John Lupton writes:
THE Revd Geoffrey Wrayford was a gentle, devoted, friendly person who got on with everyone. He was a priest, but that did not get in the way of his being a friend to anyone, and of their considering him as their friend.
He started his ministry in Gloucester diocese, and was ordained priest in 1964. In 1969, he was appointed Chaplain and then Vicar of Chelmsford Cathedral, before moving to Canvey Island in 1974. In 1980, he moved to Frome, where he served in several churches until 1992, when he became Vicar of Minhead and Chaplain to the Taunton and Somerset NHS Trust.
He and his wife, Jan, retired to Lympstone in 2003. Here, he was greatly loved by the congregations of parishes where he continued to preside and often played the organ. He got involved with local community organisations, and enjoyed singing in choirs.
He frequently wore a fisherman’s cap; this was a pointer to his love of Tall Ships and the Merchant Navy. He crewed on several long voyages on square-rigged vessels, which entailed, among other tasks, furling the sails while perched high up on the rigging of a rocking boat, at sea; he went back for more. Back on dry land, he regularly conducted a Sea Sunday service at the harbour, accompanied by the Lympstone Training Band, to raise funds for the Mission to Seafarers to support those who toil away bringing goods for us and taking our produce all over the world, unseen and overlooked by us.
Geoffrey also usually carried a stick: not any old stick, but one fashioned from a stick cut from a local hedge and fitted with a handle formed from a deer’s antler. This was very appropriate to Geoffrey’s love of the countryside and his enthusiasm for his allotment and Dartmoor. He was from a family some of whom lived and farmed near or on Dartmoor, and his grandparents are buried in the churchyard at Cheriton Bishop, where his and Jan’s ashes will be buried. He joined the Dartmoor Association and could frequently be found attending visits and lectures run by them. His home was bedecked with many watercolours of Dartmoor by well-known artists.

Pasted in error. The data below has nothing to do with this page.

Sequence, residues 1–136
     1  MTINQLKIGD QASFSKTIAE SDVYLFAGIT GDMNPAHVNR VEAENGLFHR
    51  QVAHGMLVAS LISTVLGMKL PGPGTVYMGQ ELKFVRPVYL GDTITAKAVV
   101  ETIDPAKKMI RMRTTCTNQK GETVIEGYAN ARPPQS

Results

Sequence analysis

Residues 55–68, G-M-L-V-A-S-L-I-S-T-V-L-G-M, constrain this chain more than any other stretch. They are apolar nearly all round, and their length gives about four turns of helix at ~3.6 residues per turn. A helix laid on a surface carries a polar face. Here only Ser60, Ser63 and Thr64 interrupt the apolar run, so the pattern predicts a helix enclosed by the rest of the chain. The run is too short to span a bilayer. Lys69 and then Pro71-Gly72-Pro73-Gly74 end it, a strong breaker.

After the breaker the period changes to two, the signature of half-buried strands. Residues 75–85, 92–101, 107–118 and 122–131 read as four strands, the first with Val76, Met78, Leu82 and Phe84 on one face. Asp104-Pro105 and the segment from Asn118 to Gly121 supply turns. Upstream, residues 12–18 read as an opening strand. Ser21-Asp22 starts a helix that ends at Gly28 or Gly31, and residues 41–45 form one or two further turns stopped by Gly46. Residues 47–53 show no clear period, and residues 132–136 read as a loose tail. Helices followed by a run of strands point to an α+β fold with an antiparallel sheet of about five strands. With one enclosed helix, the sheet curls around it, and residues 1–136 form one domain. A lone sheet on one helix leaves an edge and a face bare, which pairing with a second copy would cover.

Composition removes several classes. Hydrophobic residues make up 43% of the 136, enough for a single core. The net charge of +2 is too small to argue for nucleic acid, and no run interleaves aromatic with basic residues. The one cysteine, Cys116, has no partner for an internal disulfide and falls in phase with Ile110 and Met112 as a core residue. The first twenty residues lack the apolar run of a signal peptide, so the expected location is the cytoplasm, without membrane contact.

Geoffrey married his childhood sweetheart, Janet, in Torquay in 1965, and they enjoyed 57 happy years together before her death last autumn. They had four children, Sarah, Roger, Andrew, and Peter, and several grandchildren. The family shares his love of the moors; Andrew works there and is one of the Dartmoor Rescue Group.
Geoffrey was always very interested in people and the natural world; he was a fine example of a great parish priest and set us all a high standard on how to live our lives. His holiness shone through right to the end. God bless him.
The Revd Geoffrey Wrayford died on 23 April, aged 83.